Why we should be wary of Sinn Féin in government
A feature of the party’s rhetoric is its pervasive air of self-righteousness and smugness
The party faithful are conditioned to accept what the leader says, and indeed don’t care if he was in the IRA or not.
Following the remarkable success of Sinn Féin in the recent local and European contests, and in reasonable anticipation of further gains in the next general election, speculation is already rife on the party’s place in probable coalition groupings. Its untested economic policies (the main basis of its popular appeal) have been constantly criticised by its opponents. But there are other features of the organisation which prospective partners would do well to examine closely, not least its rhetoric and terminology.
The term “republicanism”, never off the lips of Sinn Féin speakers, originally meant, from the 1920s to the 1950s, anti-crown and anti-commonwealth. “A mad republican” was then a common phrase. The usage gradually changed after the formal proclamation in 1949 of the Republic of Ireland as the description of the 26-county State. From the outbreak of the Troubles in the late 1960s, “republican” came to mean a supporter of a united Ireland in general sympathy with the IRA. But for most republicans the armed struggle dimension is no longer a factor since the Belfast Agreement.
Over the years when someone such as Martin McGuinness referred to “republicans and nationalists”, he was presumed to mean Sinn Féin and SDLP followers, respectively. As used today, the phrase suggests “republican” is superior to “nationalist” and, by extension, to common Joe Soaps in parties in the Republic. A feature of Sinn Féin rhetoric is its pervasive air of self-righteousness and sanctimoniousness.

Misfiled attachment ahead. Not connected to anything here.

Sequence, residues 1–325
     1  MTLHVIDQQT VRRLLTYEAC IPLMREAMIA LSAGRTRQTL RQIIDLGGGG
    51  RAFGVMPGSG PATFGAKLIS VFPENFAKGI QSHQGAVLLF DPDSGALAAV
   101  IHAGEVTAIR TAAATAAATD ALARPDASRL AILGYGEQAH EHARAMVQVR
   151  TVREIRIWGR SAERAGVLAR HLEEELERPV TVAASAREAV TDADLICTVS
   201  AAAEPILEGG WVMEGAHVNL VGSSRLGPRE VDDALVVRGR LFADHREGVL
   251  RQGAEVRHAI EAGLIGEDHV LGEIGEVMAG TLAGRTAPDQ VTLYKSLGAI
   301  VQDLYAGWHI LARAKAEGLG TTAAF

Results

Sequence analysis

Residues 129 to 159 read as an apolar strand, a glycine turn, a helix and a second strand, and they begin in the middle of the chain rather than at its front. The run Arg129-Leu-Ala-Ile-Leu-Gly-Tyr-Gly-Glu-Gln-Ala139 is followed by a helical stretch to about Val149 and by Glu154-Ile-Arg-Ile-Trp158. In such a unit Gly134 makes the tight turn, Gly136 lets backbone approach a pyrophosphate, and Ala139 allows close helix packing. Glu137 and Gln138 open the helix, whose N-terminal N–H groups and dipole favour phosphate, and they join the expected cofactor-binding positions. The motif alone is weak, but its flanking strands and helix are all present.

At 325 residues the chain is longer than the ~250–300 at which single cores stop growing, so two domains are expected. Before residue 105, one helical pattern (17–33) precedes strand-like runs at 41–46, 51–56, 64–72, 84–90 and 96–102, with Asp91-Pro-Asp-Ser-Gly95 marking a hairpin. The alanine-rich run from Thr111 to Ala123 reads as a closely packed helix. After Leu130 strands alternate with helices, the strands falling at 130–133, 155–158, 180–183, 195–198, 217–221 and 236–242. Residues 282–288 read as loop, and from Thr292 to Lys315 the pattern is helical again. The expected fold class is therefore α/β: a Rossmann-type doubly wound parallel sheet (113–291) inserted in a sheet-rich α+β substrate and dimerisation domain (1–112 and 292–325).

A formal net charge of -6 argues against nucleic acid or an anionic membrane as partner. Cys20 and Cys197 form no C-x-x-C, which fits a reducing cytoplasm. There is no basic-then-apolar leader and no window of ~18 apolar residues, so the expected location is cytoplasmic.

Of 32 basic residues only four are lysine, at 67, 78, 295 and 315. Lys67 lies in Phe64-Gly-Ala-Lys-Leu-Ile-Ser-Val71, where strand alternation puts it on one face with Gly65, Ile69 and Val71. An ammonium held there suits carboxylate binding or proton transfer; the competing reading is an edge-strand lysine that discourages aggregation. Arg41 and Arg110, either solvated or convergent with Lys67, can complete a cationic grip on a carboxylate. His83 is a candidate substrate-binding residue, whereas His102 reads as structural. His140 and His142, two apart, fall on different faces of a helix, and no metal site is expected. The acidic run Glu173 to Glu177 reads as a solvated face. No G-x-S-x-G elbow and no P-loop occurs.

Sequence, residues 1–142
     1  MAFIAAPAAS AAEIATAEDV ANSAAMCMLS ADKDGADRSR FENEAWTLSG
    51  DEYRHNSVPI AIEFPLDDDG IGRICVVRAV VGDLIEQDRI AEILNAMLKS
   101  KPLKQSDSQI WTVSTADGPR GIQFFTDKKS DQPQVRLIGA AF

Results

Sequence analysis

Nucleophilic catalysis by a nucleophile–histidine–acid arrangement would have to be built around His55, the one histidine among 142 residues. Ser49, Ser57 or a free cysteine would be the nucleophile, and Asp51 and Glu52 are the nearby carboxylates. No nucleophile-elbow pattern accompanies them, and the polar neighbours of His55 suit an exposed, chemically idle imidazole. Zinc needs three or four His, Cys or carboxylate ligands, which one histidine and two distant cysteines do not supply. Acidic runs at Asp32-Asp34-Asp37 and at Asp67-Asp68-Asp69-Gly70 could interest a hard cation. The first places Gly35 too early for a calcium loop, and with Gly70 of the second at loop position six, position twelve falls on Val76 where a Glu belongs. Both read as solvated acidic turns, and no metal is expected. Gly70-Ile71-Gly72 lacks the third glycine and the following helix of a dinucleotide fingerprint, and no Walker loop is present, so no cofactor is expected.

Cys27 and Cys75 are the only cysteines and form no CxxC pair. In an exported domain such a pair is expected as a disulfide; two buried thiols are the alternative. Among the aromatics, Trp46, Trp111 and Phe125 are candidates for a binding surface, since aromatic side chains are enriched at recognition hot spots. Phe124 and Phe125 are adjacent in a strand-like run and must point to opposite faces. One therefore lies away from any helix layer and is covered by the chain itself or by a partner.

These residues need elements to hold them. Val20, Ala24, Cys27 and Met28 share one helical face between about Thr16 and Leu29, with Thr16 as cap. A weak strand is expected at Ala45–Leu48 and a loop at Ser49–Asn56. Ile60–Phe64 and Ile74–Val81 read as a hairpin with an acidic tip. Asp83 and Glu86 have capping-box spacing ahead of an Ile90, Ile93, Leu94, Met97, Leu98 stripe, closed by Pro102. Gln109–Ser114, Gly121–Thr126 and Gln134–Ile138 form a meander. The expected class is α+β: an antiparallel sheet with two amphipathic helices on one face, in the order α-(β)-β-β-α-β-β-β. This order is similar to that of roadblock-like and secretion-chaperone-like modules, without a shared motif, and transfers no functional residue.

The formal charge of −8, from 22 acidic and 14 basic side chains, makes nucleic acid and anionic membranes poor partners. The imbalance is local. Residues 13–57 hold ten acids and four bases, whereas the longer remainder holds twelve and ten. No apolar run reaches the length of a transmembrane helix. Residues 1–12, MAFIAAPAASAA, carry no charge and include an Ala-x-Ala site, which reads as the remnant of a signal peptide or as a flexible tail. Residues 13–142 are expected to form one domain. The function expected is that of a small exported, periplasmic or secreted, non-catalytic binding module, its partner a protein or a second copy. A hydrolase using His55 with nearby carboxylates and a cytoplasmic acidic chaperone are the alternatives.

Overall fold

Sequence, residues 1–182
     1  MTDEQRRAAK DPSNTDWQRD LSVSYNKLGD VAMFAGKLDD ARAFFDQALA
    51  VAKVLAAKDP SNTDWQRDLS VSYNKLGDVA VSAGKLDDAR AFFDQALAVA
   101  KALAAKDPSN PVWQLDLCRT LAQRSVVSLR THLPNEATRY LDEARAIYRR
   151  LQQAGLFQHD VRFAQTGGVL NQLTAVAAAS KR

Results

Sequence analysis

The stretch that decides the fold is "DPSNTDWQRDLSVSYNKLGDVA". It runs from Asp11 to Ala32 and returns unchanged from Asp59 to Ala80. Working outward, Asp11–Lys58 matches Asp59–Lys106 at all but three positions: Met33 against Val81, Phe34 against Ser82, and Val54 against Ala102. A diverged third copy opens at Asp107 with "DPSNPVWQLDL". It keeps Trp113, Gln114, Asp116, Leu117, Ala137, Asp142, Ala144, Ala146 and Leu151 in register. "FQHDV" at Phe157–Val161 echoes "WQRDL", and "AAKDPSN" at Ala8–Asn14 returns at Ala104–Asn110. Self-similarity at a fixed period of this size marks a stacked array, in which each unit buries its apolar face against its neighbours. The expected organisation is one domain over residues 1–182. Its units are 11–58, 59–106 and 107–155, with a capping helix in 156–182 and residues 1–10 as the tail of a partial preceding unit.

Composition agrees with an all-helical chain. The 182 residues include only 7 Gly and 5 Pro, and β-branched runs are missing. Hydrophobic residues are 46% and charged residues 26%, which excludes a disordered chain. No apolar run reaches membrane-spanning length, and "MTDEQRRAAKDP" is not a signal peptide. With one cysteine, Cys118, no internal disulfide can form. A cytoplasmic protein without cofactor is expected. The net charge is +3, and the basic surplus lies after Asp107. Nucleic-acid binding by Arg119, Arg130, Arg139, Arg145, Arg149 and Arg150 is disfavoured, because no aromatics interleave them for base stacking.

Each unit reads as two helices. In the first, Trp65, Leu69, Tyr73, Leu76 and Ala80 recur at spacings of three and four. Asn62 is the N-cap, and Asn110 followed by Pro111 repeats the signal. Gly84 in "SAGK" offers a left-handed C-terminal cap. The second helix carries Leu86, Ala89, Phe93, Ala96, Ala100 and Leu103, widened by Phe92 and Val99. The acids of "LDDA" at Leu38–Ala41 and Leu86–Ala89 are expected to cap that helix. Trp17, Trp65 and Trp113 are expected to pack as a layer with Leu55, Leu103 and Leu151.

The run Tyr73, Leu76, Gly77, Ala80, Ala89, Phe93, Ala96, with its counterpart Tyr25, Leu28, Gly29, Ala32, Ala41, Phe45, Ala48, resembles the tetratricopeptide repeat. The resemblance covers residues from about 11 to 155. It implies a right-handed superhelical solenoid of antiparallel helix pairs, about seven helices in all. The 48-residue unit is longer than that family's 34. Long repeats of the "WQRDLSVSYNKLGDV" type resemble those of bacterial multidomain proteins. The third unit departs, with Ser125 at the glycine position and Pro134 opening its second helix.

Another peculiarity of Sinn Féin modes of speech is the refusal to accept the legal forms and common usage of “Northern Ireland” and “the Republic of Ireland” as the correct descriptions of the two political entities that comprise the island. Sinn Féiners refer to “the North”, “the North of Ireland”, “up here” and “the Six Counties” but never to “Northern Ireland”. Similarly they use “the South”, “the 26 counties”, “down here” or, if they are really being naughty, “the Free State” but never “the Republic”. In a recent, hour- long interview with Marian Finucane on RTÉ radio, McGuinness employed the usual verbal evasions with remarkable agility in order to avoid giving its proper description to the state of which he has the honour to be Deputy First Minister.